Colorectal Surgery Program

Helen MacRaeProgram Director: Helen MacRae, MD, PhD, FRCSC, FACS                 
Mount Sinai Hospital 
600 University Avenue,Rm 451 
Toronto, ON M5G 1X5 
Tel: 416-586-4800 ext 2836 
Fax: 416-586-8644 
Program Administrator: Cheryl Dreifelds 

Number of Residents (per year): 3
Number of Faculty (ABCRS Certified): 7 (4)
University Affiliation: University of Toronto
Salary/Year: Approximately $80,000 (CAN)
Application deadline: Applications will be accepted from June 15-August 15 of the year prior to commencing the Program (July-June) 

Case mix: The colorectal resident will complete approximately 150 anorectal cases, 150 colonoscopic examinations and approximately 300 abdominal cases during the residency. The abdominal cases are approached either open, or using MIS techniques, as clinically indicated. The program emphasizes inflammatory bowel disease, oncology, especially rectal cancer and complicated anorectal work. The resident will therefore gain particular training in these areas.

Strengths of program: The program is a university based program with a strong academic commitment. Most of the faculty have research programs and all are involved in teaching of residents and medical students. The eight faculty members provide a broad mix of cases from more common anorectal problems to complicated reconstructive surgery in inflammatory bowel disease, and reoperative oncological surgery. The case complexity and volume are the major strength of the program. The faculty are eager to teach, and residents get a large volume of operating.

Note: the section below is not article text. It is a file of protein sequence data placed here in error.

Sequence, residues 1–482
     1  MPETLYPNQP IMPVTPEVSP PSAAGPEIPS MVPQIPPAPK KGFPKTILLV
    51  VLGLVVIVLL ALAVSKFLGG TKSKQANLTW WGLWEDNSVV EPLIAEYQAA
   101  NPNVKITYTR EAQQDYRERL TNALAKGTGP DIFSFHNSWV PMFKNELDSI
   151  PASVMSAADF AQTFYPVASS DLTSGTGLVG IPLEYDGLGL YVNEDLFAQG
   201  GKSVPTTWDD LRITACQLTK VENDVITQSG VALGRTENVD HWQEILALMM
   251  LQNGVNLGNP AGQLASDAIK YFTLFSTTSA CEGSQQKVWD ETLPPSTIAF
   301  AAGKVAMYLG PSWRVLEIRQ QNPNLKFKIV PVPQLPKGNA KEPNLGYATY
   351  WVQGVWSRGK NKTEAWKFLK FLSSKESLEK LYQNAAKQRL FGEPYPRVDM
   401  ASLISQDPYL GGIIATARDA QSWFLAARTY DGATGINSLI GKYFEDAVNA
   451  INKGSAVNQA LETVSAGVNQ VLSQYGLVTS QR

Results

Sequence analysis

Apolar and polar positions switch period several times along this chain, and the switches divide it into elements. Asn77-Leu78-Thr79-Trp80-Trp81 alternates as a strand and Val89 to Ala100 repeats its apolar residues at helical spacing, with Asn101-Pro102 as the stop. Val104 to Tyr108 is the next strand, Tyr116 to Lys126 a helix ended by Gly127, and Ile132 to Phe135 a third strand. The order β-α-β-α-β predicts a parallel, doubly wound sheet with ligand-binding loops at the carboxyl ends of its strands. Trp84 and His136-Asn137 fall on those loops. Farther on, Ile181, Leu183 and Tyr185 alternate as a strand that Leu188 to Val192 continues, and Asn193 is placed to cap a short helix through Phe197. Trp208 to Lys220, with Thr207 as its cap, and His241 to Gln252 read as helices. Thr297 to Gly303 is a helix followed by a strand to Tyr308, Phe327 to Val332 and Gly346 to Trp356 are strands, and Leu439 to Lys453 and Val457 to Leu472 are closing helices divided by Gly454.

Clinic or office experience: The resident spends one half day weekly in an anorectal clinic and approximately one day per week in the office of one of the faculty. During the year the resident has a 1-2 week experience in the radiation oncology clinic.

Interaction with general surgery residents: There is a full compliment of general surgery residents, interns and medical students. The colorectal resident teaches and interacts with them on a daily basis.

Conferences: Weekly conferences are held in general surgery and G.I. general surgery. There is a monthly general surgery journal club in which critical appraisal skills are taught. The monthly colorectal conference includes an academic presentation (given either by the resident or a visiting professor), a journal club plus discussion of complications and interesting cases.

Anorectal physiology availability: One faculty member has a particular interest in anorectal physiology, constipation, and pelvic floor abnormalities.

Research year available: One or more years of research are encouraged but are not mandatory. The possible areas of research are: colon carcinogenesis, immunology, clinical epidemiology or surgical education.

Requirement for paper: The resident is expected to publish at least one paper during his/her research experience and hopefully another during the clinical year.

Opportunity to attend meetings: Residents will be supported to attend the ASCRS Meeting and any other meetings at which they present a paper.

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